An injured migrant worker’s 15-year-old daughter cycled for almost 1,200 kilometres to rescue him from Delhi to Darbhanga, Bihar.
Several incidents of migrant workers dying from road accidents as they return home to their villages amidst the coronavirus lockdown in the country have emerged but Jyoti Kumari did not think twice before starting her journey.
The seventh grade student was quoted as saying by Indian media: "I did not feel very scared even while cycling at night as we used to see hundreds of migrants walking on the highways. Our only concern was road accidents, which fortunately we did not face.”
She added: "My father used to drive a rickshaw in Delhi. But he became unemployed because he had to surrender the rickshaw to its owner after the lockdown. And he also suffered a leg injury."
Kumari and her father began their journey on May 10 from Delhi after they managed to spend Rs 500 to buy a bicycle. Their journey ended on May 16 after they reached Darbhanga.
Indian English-language daily, The Times of India, quoted her as saying: "We did not have much money and the landlord pressured my father either to pay or vacate the room. No one was there to help us so we decided to return to our village. We talked to a truck driver, who demanded Rs 6,000 for bringing us from Delhi to Darbhanga, but we could not afford to pay the money. Finally, I asked my father to pillion ride on the bicycle bought with Rs 500 and we started for Darbhanga."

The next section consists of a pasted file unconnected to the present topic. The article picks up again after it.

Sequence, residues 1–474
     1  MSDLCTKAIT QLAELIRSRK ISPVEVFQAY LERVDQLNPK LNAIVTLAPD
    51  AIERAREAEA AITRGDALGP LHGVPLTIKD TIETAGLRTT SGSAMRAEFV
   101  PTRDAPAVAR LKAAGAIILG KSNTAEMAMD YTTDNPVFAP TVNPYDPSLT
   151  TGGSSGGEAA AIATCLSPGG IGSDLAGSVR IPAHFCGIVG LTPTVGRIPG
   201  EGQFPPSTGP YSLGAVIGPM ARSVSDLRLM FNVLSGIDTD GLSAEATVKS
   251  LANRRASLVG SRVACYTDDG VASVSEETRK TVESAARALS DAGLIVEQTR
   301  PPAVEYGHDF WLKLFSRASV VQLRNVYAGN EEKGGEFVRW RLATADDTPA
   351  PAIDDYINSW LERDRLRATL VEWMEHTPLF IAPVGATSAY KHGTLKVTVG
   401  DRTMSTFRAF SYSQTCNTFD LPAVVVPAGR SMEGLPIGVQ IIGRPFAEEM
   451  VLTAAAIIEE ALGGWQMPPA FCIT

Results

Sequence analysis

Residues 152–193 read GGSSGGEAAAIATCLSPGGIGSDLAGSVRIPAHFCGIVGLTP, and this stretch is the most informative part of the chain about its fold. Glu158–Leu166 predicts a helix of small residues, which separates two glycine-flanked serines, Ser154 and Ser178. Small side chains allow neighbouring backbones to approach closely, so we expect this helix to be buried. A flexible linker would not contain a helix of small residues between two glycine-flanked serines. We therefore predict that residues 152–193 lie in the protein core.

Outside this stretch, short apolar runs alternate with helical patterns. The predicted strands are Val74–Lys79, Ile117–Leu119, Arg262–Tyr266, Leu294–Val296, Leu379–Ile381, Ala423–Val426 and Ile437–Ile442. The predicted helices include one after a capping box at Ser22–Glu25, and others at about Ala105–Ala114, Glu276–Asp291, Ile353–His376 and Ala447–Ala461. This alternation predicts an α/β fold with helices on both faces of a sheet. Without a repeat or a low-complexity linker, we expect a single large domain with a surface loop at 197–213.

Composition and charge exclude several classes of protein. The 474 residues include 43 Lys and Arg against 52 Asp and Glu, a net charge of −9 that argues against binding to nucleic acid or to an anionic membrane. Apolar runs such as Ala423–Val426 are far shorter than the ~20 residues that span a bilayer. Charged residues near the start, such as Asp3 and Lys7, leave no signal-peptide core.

Talking about the long, tiresome journey she and her father made, she said: "We had only Rs 600 with us when we left Delhi. I used to cycle day and night taking breaks of two-three hours at petrol pumps during the night hours. We mostly ate food at relief camps and those offered by some good Samaritans on the way."
Indian news reports state that when the duo reached Darbhanga, the residents were in a state of surprise. They were guided not to go home but to quarantine themselves at the village library. The villagers also provided them both with food and they were screened and quarantined at Government Middle School, Sirhulli. However, Jyoti was told to stay at home for quarantine as she was the lone female inmate at the quarantine centre.
Kumari was lauded on social media for her courage.
Twitter user @rituraj_prht wrote: “A gut-wrenching story of grit and courage…”
Tweep @aftabzKARIM quoted an American philosopher after learning about Kumari’s journey: “’Shallow men believe in luck or in circumstance. Strong men believe in cause and effect.’ ~Ralph Waldo Emerson.”